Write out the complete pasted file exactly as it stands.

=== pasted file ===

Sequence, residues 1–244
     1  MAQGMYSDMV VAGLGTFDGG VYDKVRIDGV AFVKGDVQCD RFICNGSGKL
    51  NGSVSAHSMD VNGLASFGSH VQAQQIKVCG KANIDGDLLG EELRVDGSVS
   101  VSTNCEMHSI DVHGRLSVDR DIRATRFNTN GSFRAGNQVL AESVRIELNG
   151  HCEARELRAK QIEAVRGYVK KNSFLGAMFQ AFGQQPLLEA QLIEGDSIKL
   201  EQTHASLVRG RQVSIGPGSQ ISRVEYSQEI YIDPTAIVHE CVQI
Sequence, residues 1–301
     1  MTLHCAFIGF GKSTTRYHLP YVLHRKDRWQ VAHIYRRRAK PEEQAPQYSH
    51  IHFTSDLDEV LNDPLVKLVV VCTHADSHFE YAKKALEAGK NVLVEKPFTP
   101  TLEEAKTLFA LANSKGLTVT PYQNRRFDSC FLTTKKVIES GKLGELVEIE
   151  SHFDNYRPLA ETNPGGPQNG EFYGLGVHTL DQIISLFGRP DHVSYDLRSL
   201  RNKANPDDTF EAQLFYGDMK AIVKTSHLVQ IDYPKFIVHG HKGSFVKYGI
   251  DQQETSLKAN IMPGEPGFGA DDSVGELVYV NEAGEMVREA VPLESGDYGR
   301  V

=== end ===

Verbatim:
Sequence, residues 1–244
     1  MAQGMYSDMV VAGLGTFDGG VYDKVRIDGV AFVKGDVQCD RFICNGSGKL
    51  NGSVSAHSMD VNGLASFGSH VQAQQIKVCG KANIDGDLLG EELRVDGSVS
   101  VSTNCEMHSI DVHGRLSVDR DIRATRFNTN GSFRAGNQVL AESVRIELNG
   151  HCEARELRAK QIEAVRGYVK KNSFLGAMFQ AFGQQPLLEA QLIEGDSIKL
   201  EQTHASLVRG RQVSIGPGSQ ISRVEYSQEI YIDPTAIVHE CVQI
Sequence, residues 1–301
     1  MTLHCAFIGF GKSTTRYHLP YVLHRKDRWQ VAHIYRRRAK PEEQAPQYSH
    51  IHFTSDLDEV LNDPLVKLVV VCTHADSHFE YAKKALEAGK NVLVEKPFTP
   101  TLEEAKTLFA LANSKGLTVT PYQNRRFDSC FLTTKKVIES GKLGELVEIE
   151  SHFDNYRPLA ETNPGGPQNG EFYGLGVHTL DQIISLFGRP DHVSYDLRSL
   201  RNKANPDDTF EAQLFYGDMK AIVKTSHLVQ IDYPKFIVHG HKGSFVKYGI
   251  DQQETSLKAN IMPGEPGFGA DDSVGELVYV NEAGEMVREA VPLESGDYGR
   301  V